There are 3 ways you can have your whole Nova Scotian lobster – grilled, steamed or in a lobster roll.

The corn-fed Nebraskan beef burger meanwhile is cooked according to preference and available with a choice of toppings.

Of course we ordered a burger, steamed lobster and lobster roll to share. 

Half and Half (half lobster and half burger)
First to the burger and it’s a thing of absolute beauty, in fact without doubt the best I’ve eaten in Cardiff. Served a pleasingly pink medium-rare (other places take note) with a good lick of char, the giant patty is sandwiched inside a soft and sweet brioche bun and accompanied by oozy American cheese, crisp streaky bacon, crunchy pickles, burger sauce, thinly sliced red onion, shredded lettuce and sweet tomato.

It’s an absolute joy to eat and almost worth £20… but not quite. Can any burger really be worth £20?


Next onto the steamed lobster and it’s the best lobster I’ve ever eaten. I should probably caveat that by saying I haven’t eaten lobster many times because it’s normally so bloody expensive.

So, at £20 for a whole lobster it’s a bit of a bargain. All sweet and tender fleshed you’ll need the provided pickers and crackers to furtle all the bits of meat out of those pesky nooks and crannies. And accompanying it is a lemon butter sauce of unparalleled silkiness. That sauce is also rather incredible for dipping the excellent fries. 


The lobster roll is lovely too. A marvellous toasted sweet brioche bun is loaded with cold lobster meat in Japanese mayo (I think it’s meant to contain wasabi but I couldn’t taste it). Whilst it’s less of a hassle to eat than its steamed counterpart, the cold crustacean isn’t quite as tender and therefore not quite such a good option.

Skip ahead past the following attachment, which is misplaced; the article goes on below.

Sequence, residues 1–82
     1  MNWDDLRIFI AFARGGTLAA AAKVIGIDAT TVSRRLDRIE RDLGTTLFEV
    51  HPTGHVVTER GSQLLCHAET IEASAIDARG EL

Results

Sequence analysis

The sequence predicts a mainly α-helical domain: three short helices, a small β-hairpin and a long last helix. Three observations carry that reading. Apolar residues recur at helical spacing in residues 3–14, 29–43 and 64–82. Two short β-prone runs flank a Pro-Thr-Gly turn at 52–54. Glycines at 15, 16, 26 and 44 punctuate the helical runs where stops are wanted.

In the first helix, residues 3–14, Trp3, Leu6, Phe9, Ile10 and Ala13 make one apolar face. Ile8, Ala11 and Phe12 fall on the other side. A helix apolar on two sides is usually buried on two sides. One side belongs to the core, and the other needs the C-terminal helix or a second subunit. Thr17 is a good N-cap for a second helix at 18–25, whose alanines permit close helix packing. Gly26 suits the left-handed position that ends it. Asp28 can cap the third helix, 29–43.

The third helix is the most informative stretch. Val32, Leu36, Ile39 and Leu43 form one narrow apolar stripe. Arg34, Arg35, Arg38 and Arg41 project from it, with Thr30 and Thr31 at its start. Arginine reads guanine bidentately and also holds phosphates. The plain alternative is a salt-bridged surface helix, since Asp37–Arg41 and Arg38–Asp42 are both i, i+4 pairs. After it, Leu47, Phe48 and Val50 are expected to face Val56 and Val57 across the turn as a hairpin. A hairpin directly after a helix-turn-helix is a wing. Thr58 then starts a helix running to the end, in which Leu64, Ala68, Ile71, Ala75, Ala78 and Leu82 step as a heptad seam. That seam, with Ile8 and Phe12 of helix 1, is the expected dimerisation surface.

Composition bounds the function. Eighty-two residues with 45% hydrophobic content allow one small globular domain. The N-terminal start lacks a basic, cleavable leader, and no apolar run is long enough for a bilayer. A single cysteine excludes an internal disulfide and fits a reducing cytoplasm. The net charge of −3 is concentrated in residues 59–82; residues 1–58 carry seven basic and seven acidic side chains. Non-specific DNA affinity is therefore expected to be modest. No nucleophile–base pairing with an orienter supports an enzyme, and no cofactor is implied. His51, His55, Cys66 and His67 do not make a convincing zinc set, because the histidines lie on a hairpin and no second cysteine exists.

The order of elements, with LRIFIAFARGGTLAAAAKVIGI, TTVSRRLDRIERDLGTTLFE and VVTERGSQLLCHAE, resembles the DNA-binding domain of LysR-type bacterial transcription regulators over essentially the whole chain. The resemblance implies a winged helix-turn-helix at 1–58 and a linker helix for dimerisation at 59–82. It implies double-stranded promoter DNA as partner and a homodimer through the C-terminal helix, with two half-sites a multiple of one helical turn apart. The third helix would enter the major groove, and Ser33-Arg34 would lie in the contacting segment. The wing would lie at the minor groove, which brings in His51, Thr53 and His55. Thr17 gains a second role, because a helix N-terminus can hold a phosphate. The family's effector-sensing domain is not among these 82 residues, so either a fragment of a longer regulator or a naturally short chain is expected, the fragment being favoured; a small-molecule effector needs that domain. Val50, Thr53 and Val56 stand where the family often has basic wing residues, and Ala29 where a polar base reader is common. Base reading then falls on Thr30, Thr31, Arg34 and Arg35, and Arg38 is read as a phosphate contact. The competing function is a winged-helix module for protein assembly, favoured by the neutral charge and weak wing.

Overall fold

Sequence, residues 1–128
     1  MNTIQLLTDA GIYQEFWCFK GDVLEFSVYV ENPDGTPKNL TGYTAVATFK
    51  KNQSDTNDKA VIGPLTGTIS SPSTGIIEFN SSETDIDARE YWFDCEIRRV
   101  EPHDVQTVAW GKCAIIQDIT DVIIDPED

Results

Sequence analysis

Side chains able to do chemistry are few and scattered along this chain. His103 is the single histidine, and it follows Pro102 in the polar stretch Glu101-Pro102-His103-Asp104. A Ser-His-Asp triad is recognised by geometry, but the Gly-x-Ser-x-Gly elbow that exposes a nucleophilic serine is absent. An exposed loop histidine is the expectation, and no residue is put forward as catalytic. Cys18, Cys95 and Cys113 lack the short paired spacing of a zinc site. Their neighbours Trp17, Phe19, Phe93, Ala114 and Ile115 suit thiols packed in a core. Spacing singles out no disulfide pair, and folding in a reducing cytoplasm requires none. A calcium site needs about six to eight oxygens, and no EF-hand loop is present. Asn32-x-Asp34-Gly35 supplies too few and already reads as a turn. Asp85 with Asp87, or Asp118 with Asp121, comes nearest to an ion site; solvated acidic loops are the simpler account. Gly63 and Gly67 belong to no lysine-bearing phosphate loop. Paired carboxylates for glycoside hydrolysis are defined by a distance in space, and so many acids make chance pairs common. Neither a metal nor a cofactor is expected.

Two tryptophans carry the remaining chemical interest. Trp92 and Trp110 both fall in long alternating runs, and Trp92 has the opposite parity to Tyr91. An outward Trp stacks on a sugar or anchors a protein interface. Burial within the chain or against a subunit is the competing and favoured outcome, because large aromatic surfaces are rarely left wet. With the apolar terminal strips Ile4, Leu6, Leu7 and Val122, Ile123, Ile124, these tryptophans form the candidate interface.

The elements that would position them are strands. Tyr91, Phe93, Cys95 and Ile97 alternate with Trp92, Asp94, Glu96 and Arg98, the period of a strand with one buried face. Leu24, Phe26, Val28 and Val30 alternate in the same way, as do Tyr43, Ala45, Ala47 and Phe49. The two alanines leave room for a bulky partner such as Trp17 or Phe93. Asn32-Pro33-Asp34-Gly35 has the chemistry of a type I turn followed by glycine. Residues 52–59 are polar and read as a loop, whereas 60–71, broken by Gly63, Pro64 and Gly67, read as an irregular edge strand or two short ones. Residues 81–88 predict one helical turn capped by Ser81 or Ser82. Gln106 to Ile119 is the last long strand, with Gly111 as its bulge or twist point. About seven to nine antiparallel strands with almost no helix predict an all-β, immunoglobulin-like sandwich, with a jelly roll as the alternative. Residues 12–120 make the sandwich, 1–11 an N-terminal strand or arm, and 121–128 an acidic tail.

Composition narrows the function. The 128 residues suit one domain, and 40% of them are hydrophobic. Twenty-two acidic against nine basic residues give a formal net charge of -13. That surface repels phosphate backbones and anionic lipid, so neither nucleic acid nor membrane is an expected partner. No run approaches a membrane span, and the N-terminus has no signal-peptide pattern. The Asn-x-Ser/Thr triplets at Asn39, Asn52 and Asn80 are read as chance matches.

But here’s the thing, even at £20 I’m still not convinced that lobster is all that. Where’s the earthy complexity that you get from brown crabmeat? Is it really worth the faff of having to pick and crack your way to a few decent mouthfuls?


For dessert there are two choices available, both priced at £4.50.

A snickers pot combined a light, slightly sweet chocolate mousse sat atop a layer of runny salted caramel and scattered with crisp chocolate-coated cornflakes and toasted peanuts. Lush.


Meanwhile, a cheesecake pot combined a fluffy and slightly tangy unset cheesecake topped with berry compote and biscuit crumbs. Equally lush.


So what’s the verdict?

I’d eat Burger & Lobster’s burger any time of the day but I'd be reluctant to stump up twenty quid for it. In contrast, I won’t crave lobster that often but if I do I’d quite happily pay twenty notes.

However, if lobster’s your thing or you don’t mind dropping loadsamoney on a burger then Burger & Lobster is definitely the place for you.

Disclosure - I was invited to Burger and Lobster, all food and drink was complimentary.

Update 26/12/15 - 

Burger & Lobster Cardiff now offer a £12 burger and fries during weekday lunchtimes. It’s a slightly smaller 6oz compared to their usual 10oz offering but it’s still a thing of beauty and the best way to sample Burger & Lobster without bankrupting yourself.

The weekday lunch menu also includes lobster niçoise salad and lobster mac and cheese. But, I’m all about the burger.


The Details: 
Address - Burger and Lobster Cardiff, Unit 29-11 The Hayes Cardiff CF10 1AH
Telephone - 02920224044